CHM 501 Lecture

Solid State Structure

Since ions are basically spherical objects, the structures of ionic compounds arise from packing of spheres. Generally the most effective way to do this is to put objects as close to each other as possible (closest packed structures). There are two common closest packed structures.

Hexagonally closest packed (hcp): an ABAB sequence of spheres

solid circles are the 1st, 3rd, 5th, etc., layers open circles are the 2nd, 4th, 6th, etc. layers

There are two types of vacancies or holes: those with four neighbors (Td holes) and those with six neighbors (Oh holes). ~74% of the volume is empty; each sphere has twelve nearest neighbors adjacent to it

Cubic closest packed: ABCABC sequence of spheres

ccp = face centered cubic, i.e. draw a cube and put spheres at the corners and the center of each of the faces

Ionic compounds nearly always form closest packed structures if the ions are simple and spherical (nonspherical ions change things). Normally, the largest ion (typically the anion) forms the lattice and the smaller ion fills the holes - either Td or Oh holes.

When closest packed structures are not formed (and even when they are), the usual way of thinking about solid state crystalline structures is to find the smallest unit that repeats itself via translational symmetry over the whole macroscopic structure. This smallest repeat unit is called the unit cell. There are 14 types of unit cells called Bravais Lattices. The atoms or ions in the crystal do not determine the unit cell; it is determined by the translational symmetry!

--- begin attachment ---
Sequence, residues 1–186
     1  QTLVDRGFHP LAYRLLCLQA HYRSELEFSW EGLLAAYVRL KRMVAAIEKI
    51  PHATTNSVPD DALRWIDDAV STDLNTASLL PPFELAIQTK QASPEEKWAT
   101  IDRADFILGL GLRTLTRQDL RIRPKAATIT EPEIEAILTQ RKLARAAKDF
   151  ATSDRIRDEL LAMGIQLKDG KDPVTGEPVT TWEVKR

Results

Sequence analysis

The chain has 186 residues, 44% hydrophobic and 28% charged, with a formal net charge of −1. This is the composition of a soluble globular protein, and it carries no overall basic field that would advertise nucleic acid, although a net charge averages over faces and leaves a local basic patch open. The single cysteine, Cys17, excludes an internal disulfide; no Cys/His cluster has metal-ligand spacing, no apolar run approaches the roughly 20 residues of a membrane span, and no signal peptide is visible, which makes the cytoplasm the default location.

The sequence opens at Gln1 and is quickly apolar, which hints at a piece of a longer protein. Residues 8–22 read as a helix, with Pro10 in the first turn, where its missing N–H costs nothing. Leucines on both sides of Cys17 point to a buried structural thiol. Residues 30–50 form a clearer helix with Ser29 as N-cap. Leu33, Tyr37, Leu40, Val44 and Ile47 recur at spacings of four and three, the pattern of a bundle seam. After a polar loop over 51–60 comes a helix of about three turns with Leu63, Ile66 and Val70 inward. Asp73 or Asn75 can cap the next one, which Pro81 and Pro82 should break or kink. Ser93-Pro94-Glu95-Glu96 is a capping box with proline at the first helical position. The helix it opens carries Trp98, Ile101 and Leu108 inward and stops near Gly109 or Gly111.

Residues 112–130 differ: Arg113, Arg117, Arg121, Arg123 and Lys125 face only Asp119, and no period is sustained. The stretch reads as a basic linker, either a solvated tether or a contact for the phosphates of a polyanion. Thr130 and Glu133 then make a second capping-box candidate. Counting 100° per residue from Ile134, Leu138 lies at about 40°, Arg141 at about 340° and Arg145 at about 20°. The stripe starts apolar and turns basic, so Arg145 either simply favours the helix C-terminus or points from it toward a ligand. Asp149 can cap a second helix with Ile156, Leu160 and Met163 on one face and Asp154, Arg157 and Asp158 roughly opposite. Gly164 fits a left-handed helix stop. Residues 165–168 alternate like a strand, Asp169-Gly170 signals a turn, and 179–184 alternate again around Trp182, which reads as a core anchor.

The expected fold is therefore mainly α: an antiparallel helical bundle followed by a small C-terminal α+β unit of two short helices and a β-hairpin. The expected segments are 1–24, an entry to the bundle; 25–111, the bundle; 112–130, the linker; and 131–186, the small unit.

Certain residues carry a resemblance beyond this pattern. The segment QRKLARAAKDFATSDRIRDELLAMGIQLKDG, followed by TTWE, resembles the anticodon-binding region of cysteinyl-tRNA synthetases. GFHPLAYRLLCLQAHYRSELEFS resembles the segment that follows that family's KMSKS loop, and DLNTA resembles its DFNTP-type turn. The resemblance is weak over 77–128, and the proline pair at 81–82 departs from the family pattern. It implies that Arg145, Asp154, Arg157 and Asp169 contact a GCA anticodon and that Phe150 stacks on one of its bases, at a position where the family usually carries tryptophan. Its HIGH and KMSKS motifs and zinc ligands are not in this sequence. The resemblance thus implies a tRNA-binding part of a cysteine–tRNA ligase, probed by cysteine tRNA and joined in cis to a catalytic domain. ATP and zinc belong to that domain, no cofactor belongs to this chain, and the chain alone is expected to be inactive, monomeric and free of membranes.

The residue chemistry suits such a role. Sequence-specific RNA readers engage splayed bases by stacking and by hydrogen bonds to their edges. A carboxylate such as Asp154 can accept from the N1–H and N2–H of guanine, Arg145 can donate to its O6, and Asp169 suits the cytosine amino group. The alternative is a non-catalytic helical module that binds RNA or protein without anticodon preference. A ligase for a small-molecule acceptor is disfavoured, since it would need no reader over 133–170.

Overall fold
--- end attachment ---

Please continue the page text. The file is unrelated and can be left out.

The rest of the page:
To determine the Bravais lattice, 6 parameters are specified, 3 distances and 3 angles, and the occupation of the cell

Ionic Radii - the effective radius of an ion in a crystal

We assume that ionic radius is constant from compound to compound

How are these found?

Crystal structures only give internuclear distances r0

Assume that r0 = r+ + r (r+ = cation radius; r = anion radius)

More information is still required to find the ionic radii.

Landé assumed that in LiI the iodides "touched" and that the Li+ fit completely in the holes

d = r + r

r0 = r+ + r

So now both radii can be determined.

Note: ionic radii are coordination number (CN) dependent.

Thus, radii are reported with CN, since this is important as well.

Real Crystals:

In real life lattices are not perfect; defects always exist, even at 0 K (this is thermodynamically required: enthalpy prefers perfection but entropy prefers randomness; get a balance with mostly perfect but a few defects).

Schottky defects: equal numbers of cations and anions are missing from the lattice

Frenkel defects: small ion (usually the cation) moves to interstitial site creating a hole that doesn't belong or pushing larger ion off the lattice site

Nonstoichiometric Compounds: many compounds do not follow the freshman chemistry idea that stoichiometry of compounds is in the ratio of small whole numbers.

FeO is more typically is found as FexO where x~0.95-0.99

Charge neutrality must still be maintained so a better description is (Fe2+)3x-2(Fe3+)2-2xO

F centers: e become part of the lattice
NaCl + Na Na1+(Cl)(e)